Presidential Spokesperson Ibrahim Kalın on Monday described Egypt as the brain and heart of the Arab world and said that Turkey could turn a new page with Cairo and the Gulf countries.
“We want to cooperate with Egypt in Eastern Mediterranean, Libya and the Palestine issue, which seems to be forgotten by the world. If we could take bilateral constructive steps, it may help to stabilize the region from North Africa to Eastern Mediterranean,” Kalın said in an interview with Bloomberg.
Kalın said that despite its economic and security problems, Egypt is still the heart and brain of the world. “Having dialogue may develop our bilateral and regional relations. This also applies to the other four Gulf countries. We don’t have insolvable problems with any Arab country. We could turn a new page with Egypt and Gulf countries for regional peace and stability,” he said.
In March, Greek media reported that Egypt’s announcement that it would hold a tender for hydrocarbon exploration in the Eastern Mediterranean by recognizing the exclusive economic zone (EEZ) demarcated by Turkey could point to Ankara and Cairo potentially coming to an agreement on the issue.
Two days later, Foreign Minister Mevlüt Çavuşoğlu confirmed the reports, saying that Turkey may negotiate a maritime demarcation agreement with Egypt, depending on the condition of bilateral ties.
On Saturday, Defense Minister Hulusi Akar also called Egypt’s decision to respect Turkey’s continental shelf while carrying out seismic exploration in the Mediterranean Sea an important development.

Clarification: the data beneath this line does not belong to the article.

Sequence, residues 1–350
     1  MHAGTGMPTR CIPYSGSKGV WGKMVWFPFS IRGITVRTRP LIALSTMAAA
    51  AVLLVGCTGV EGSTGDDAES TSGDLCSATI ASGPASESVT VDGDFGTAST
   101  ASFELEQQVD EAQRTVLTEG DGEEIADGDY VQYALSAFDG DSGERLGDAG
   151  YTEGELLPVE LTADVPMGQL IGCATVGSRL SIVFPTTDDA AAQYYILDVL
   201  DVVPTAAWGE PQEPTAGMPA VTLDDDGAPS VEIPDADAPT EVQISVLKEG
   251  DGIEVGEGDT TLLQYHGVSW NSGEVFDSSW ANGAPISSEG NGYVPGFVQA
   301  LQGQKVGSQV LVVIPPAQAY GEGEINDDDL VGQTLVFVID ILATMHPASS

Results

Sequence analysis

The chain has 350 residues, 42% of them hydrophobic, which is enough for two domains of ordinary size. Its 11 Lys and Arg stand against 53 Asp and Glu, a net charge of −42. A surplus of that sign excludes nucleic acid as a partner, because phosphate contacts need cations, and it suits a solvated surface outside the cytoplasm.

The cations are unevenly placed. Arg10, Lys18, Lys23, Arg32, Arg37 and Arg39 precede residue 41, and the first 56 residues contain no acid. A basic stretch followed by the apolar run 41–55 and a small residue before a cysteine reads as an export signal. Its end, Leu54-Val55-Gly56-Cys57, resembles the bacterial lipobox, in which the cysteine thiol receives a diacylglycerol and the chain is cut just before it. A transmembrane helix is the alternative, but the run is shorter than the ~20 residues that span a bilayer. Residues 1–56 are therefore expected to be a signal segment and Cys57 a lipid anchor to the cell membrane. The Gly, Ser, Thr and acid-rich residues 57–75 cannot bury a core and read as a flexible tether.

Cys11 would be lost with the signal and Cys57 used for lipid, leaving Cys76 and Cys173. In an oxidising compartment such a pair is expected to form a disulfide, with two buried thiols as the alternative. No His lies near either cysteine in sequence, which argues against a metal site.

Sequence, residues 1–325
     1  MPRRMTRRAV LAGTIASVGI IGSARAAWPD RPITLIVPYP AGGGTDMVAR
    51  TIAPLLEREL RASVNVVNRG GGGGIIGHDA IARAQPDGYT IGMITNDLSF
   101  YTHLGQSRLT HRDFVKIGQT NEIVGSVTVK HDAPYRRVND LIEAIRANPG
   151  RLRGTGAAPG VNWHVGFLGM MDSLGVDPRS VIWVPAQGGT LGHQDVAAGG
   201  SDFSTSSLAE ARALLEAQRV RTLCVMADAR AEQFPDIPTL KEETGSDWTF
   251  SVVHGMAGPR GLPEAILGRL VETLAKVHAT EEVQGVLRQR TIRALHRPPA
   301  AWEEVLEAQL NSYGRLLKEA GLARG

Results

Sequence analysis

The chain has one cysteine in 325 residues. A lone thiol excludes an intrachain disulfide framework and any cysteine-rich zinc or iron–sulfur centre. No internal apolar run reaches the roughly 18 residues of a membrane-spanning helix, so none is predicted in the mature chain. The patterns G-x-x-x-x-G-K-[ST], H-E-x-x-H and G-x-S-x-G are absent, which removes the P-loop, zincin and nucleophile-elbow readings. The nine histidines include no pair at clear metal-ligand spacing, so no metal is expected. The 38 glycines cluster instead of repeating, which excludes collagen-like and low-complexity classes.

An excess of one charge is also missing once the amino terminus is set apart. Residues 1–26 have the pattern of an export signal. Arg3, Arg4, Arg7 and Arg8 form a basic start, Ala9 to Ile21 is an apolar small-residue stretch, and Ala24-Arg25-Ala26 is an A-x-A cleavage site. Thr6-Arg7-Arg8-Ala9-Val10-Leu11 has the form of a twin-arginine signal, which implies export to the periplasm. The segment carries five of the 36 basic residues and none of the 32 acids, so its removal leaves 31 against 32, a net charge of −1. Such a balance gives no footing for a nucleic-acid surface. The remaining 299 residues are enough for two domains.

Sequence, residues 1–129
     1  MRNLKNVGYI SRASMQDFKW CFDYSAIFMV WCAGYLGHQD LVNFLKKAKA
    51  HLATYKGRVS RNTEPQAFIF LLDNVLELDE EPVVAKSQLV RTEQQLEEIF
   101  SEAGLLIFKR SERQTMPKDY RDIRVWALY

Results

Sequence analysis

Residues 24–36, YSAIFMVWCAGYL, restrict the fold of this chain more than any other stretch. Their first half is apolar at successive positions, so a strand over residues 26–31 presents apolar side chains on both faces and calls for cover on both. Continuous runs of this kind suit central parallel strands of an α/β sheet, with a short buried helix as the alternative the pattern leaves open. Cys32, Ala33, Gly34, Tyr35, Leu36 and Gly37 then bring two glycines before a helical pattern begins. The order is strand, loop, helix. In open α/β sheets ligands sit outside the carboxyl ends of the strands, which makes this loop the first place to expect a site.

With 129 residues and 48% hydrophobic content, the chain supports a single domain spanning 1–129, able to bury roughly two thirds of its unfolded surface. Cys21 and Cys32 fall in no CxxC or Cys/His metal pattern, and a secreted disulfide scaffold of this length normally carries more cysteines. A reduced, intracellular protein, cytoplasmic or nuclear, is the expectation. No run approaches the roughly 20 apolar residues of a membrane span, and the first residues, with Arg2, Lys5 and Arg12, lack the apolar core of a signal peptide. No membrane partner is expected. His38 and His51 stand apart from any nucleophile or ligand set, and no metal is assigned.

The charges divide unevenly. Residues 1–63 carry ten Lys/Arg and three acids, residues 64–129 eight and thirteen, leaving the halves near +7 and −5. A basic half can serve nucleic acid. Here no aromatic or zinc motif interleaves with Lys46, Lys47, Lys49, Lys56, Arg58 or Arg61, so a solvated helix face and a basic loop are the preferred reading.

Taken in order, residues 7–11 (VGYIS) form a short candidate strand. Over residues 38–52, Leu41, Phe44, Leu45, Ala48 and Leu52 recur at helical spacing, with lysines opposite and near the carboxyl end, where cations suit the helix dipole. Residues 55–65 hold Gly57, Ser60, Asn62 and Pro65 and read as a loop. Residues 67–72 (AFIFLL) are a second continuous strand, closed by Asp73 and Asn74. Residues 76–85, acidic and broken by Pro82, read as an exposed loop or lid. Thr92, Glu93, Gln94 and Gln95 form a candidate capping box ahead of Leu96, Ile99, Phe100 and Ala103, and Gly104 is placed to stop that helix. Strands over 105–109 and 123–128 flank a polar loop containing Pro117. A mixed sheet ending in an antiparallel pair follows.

“This is a very important development and we expect this to continue,” Akar said, adding that Turkey and Egypt share historical, cultural and common values.
Kalın also urged the U.S. to abandon its maximalist approach in its relations with Turkey, which, according to the presidential spokesperson, pushes Ankara to “alternative ways.”
“We don’t agree with Russia on everything, including (Bashar) Assad’s future, (Khalifa) Haftar, Crimea. However, we can manage our relations with constructive dialogue. Why we wouldn’t do the same with the U.S.?” he said.
Kalın noted that the U.S. blocked Turkey’s helicopter sale to Pakistan, which will likely lead to Islamabad buying it from China and cause more detriment to Washington down the line.
The U.S. imposed sanctions in December on Turkey's Presidency of Defense Industries (SSB) and its chief, Ismail Demir, the U.S. Treasury website confirmed. Sanctions were imposed for the country's purchase of the Russian S-400 missile defense system.
The sanctions – through the U.S. Countering America's Adversaries Through Sanctions Act (CAATSA) designed to deter any country from agreeing to military deals with Russia – also restrict U.S. loans and credits to the Presidency of Defense Industries, although that is not considered to have a significant impact.
The presidential spokesperson said that Turkey and the U.S. have four main problems: Washington’s support of the PKK’s Syrian wing, the YPG; the S-400 controversy; CAATSA sanctions and Washington’s refusal to extradite the leader of Gülenist Terror Group (FETÖ), Fetullah Gülen.
“Unfortunately, we haven’t seen any positive steps on these issues so far. These are our main national security concerns. In other fields, for instance in Iraq and Libya, we have cooperation against terrorism. So, we don’t talk about a pessimistic situation. We believe that these issues can be solved with constructive dialogue,” he said.
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